Machines just revealed the evolution of language

Machine learning scientists at Disney Research have developed a new innovative model that uncovers how the meanings of words change over time.

Dr. Robert Bamler and Dr. Stephan Mandt developed the dynamic word embeddings by integrating and statistics used in rocket control systems. The result is a complex machine learning algorithm that automatically detects semantic change throughout history.

"Promoting innovation in machine learning is a vital part of Disney Research," said Markus Gross, vice president of Disney Research.

The authors will present the model on August 9 at the International Conference on Machine Learning (ICML) in Sydney.

Their dynamic word embeddings represent semantic change over time through so-called semantic vector spaces. Words of similar meanings appear close to one another and reveal each other's relationships. Changes in these meanings appear as movements through the semantic space.

"Dynamic word embeddings could revolutionize how we investigate the evolution of language use," Mandt said. "The model uncovers otherwise latent semantic changes that become palpable through new dynamic visualizations."

For instance, the model automatically discovered that the meaning of the word 'peer' drastically changed in the last 200 years. "In the past, a peer was an earl or viscount," Bamler said. "Today, it's someone of equal standing. That is practically the opposite." Other words whose meaning changed dramatically included 'computer,' 'radio,' and 'broadcast'.

Bamler and Mandt integrated neural networks with classical statistical models. While having neural networks work on their data sets, the researchers used a Kalman filter for their transition model. It is a statistical model originally developed to trace, for instance, the position of rockets.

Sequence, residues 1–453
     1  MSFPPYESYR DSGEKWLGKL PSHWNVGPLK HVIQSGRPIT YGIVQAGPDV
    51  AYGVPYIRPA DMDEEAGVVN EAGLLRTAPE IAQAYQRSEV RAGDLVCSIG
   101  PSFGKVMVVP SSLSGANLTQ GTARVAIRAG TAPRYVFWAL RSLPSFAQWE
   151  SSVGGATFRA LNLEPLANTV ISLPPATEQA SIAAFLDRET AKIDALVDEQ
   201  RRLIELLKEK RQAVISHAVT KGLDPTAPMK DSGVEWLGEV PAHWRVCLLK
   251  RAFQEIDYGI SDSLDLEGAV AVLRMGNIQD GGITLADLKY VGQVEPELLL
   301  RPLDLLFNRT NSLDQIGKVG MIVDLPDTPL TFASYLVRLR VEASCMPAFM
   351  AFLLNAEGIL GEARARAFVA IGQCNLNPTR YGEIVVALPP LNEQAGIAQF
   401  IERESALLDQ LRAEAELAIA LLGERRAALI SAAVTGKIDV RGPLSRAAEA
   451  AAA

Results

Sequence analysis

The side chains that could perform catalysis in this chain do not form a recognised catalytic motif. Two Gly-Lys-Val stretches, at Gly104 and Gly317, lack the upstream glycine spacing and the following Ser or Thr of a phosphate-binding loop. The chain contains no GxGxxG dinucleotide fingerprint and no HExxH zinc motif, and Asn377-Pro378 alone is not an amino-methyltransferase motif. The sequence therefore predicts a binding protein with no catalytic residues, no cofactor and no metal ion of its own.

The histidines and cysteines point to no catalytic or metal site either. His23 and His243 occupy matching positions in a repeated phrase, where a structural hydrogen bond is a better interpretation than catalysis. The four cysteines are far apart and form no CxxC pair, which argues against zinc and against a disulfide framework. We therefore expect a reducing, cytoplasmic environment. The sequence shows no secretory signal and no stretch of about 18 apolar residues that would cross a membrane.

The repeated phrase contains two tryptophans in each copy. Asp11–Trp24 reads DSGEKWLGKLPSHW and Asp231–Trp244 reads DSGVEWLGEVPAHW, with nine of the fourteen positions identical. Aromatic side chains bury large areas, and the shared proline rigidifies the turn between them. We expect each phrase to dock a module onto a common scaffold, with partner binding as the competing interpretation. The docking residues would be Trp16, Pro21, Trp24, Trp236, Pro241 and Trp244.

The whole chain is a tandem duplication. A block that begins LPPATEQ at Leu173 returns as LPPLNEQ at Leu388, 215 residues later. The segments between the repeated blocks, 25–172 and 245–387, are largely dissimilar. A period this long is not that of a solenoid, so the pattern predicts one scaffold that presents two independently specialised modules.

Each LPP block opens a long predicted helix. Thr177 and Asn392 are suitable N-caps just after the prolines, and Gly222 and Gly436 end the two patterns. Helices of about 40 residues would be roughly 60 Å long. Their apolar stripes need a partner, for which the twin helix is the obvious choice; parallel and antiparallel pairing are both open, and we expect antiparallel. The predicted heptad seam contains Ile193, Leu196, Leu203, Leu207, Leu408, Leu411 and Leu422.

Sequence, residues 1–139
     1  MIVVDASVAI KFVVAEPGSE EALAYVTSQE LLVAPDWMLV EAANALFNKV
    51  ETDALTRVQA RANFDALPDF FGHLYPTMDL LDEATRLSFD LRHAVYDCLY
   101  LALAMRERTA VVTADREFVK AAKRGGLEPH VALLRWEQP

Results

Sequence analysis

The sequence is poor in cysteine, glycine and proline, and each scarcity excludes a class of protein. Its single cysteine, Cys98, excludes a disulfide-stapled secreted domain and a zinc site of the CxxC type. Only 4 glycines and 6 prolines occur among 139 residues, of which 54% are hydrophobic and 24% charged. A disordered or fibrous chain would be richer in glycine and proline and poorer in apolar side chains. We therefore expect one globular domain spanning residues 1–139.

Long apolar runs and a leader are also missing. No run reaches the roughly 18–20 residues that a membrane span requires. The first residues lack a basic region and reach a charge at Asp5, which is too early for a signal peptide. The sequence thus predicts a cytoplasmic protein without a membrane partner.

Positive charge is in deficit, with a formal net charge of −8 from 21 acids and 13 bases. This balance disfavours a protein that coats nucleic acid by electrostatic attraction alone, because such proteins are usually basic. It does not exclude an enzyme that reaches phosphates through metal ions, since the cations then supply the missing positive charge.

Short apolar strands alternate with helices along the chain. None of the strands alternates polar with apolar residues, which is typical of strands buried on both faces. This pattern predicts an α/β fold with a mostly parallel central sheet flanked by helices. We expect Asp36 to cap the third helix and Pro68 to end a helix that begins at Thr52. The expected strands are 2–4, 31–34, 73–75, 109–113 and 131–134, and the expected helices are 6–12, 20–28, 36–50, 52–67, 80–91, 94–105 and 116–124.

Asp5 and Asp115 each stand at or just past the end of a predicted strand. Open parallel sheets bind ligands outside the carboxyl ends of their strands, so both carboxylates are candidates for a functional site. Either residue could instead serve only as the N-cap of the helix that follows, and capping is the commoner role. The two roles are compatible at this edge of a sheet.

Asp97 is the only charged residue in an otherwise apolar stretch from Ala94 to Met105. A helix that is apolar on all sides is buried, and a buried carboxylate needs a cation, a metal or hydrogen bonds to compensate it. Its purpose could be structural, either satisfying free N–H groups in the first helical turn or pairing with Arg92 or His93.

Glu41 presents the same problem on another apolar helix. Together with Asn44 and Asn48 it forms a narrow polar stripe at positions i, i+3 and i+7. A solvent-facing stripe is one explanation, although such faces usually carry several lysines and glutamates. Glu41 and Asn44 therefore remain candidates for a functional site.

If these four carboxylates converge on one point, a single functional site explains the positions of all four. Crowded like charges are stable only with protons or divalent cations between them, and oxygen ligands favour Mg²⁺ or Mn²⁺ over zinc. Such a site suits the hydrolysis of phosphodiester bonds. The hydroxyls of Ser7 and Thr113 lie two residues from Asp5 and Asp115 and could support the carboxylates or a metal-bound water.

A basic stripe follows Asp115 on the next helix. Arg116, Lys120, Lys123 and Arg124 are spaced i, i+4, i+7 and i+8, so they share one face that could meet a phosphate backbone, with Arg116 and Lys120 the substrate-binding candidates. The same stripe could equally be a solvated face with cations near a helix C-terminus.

"Previous approaches produce different word vectors every time they are trained," Mandt said. "Every output used to be intrinsically correct, but these outputs could not be compared to detect changes over time."

Added Bamler, "We developed a mechanism to train the model on a vast corpus without splitting the data into time slices. That way, we were able to leverage a very large data set while still allowing the word vectors to drift smoothly over time."

The combination of classical statistical models with neural networks is a progressive approach able to prompt applications beyond the scope of word embeddings. To test their model, the researchers drew on a variety of data sets including 230 presidential speeches and millions of digitized books from over 200 years, as well as several months of public social media posts. In all experiments, the new model was consistently better in predicting missing words from these sources of text than existing models, confirming the validity of the observed changes.

Beyond tracing language history, Bamler and Mandt also analyzed contemporary changes in language usage. Training their model on , they detected changes of word associations that reflected current events.

Combining creativity and innovation, this research continues Disney's rich legacy of leveraging technology to enhance the tools and systems of tomorrow.

Provided by Disney Research
Citation: Machines just revealed the evolution of language (2017, August 7) retrieved 23 June 2024 from
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